LOS ANGELES – Sometimes championship games really don’t need any introduction or side plots to dress them up. The matchups simply speak for themselves.
Saturday’s MLS Cup final is one of those occasions. Oh sure, we can dress this one up to death – and we sure are trying, aren’t we? Who’s possibly playing their last game, who’s possibly playing in their first MLS Cup, who’s out for redemption, who’s out for revenge…
The list goes on and on. And given the two-week lead-up into this one, it’s almost imperative that we media types wring this dripping-wet washcloth for every last morsel of narrative.
For me, it comes down to one basic element: greatness.
It’s not very often that you get a game that pits pure legend against pure legend. MLS Cup 2012 comes down to Bruce Arena vs. Dominic Kinnear. These are two of the winningest coaches in US soccer history. They’ve been here, they’ve done it and they keep on doing it. And that is a very rare thing indeed.
Let’s say we were to carve a Mount Rushmore of MLS coaches into the side of a mountain somewhere. (Maybe we could start with RFK Stadium – I understand there’s a lot of concrete there.)
If I were to say you get to pick four coaches, whom would you choose? Arena and Kinnear are no-brainers. Sigi Schmid, too. The fourth, you can debate Bob Bradley vs. Frank Yallop, and I probably wouldn’t disagree with either one.
Those five guys dominate the all-time lists of honors. They account for 10 of the 18 MLS Coach of the Year awards handed out and 10 total MLS Cup titles (11 by Saturday evening). They’re also the top five names on the list of all-time regular-season victories.
Matchups between these guys don’t happen often. Before last year’s LA-Houston showdown, members of this coaching fraternity had collided only once before: at MLS Cup 2001, when Schmid’s Galaxy faced Yallop’s San Jose Earthquakes (with Kinnear as Yallop’s top assistant).
So why is this one so special? After all, it happened last year, right?
It’s about dominance – pure, unadulterated dominance over your craft. Peaking at the right time, establishing that “d” word that Arena is so loath to use: dynasty.
Arena is the first coach to lead a club into six MLS Cup finals. That number is not even funny when you think about the relatively short amount of time Arena has actually been in MLS. Somehow we seem to gloss over the fact that he wasn’t part of the league during his eight years in charge of the US national team – that’s a little less than half of MLS’ entire existence.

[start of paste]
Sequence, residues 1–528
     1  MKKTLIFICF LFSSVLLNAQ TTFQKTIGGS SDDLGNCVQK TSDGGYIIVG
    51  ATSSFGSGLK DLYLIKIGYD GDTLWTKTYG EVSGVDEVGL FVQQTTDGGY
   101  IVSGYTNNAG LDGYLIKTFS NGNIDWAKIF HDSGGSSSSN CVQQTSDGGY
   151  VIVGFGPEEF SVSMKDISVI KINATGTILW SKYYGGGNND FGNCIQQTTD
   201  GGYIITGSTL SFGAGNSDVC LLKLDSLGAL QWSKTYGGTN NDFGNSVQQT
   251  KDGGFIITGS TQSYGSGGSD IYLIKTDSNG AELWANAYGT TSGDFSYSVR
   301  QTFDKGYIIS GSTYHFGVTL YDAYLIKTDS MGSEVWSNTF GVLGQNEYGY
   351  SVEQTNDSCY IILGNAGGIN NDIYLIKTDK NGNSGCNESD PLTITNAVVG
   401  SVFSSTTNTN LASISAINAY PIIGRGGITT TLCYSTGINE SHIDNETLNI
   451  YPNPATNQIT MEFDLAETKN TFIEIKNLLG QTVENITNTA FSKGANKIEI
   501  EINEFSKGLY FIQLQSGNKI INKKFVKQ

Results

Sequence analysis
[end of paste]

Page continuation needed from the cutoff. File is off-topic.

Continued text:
Put it another way: Discount his 2006 and ’08 half-seasons in charge, when he took over the Red Bulls and Galaxy, respectively, in midsummer, and Arena has only failed to lead his team to MLS Cup twice. That’s six trips out of eight full seasons. And that is mind-blowing.
What about Kinnear? He’s no slouch, either. This is his fourth time coaching a team in the final in the past seven years. And then consider the fact that he was Yallop’s Consigliere for San Jose’s 2001 and ’03 championship runs. That means Kinnear’s influence has helped a team to MLS Cup six times in 12 years. Wow.
So what does all this mean? We can bury you with impressive numbers all day, but on their own, that doesn’t necessarily capture the greatness of either man. It’s about what they’ve built and how they’ve gone about it.
In Kinnear’s case, he has established himself as a force in this league over the entire existence of one franchise. Sure, a lot of the faces have changed. But the core has stayed the same – even if many of them have joined Kinnear’s coaching staff – and that means Dom’s ethos is his club.
The work ethic, the mentality, the pragmatism and all the rest is what makes Dynamo soccer what it is. Very rarely has a club been so single-mindedly the product of one person’s influence and seen this much success. You may not love the aesthetics of a Kinnear-led team, but you cannot argue with the results and the buy-in of every player who puts on an orange jersey.
Meanwhile, Arena can become the only coach to lead a team to back-to-back titles twice. You think about his first dynasty at D.C. United back in the beginning of Major League Soccer and you think of the seemingly effortless way he got arguably the greatest collection of talent in league history to work together.
What he’s done during his four-and-a-half seasons with the Galaxy is tantalizingly close to the same feat. But he also repaired something that was very broken when he arrived in LA, established a winning culture by bolstering his roster and got his superstars to buy in. Three MLS Cup final appearances in four seasons is a stunning achievement.
So appreciate Saturday’s big game for whatever reason you choose. Just keep in mind it’ll be one of those rare occasions where the great minds of the game lock horns. Krzyzewski vs. Smith. Walsh vs. Shula. Riley vs. Jackson. Bowman vs. Demers.
It’s that kind of occasion. Remember it well.
Jonah Freedman is the managing editor of MLSsoccer.com. “The Throw-In” appears every Thursday.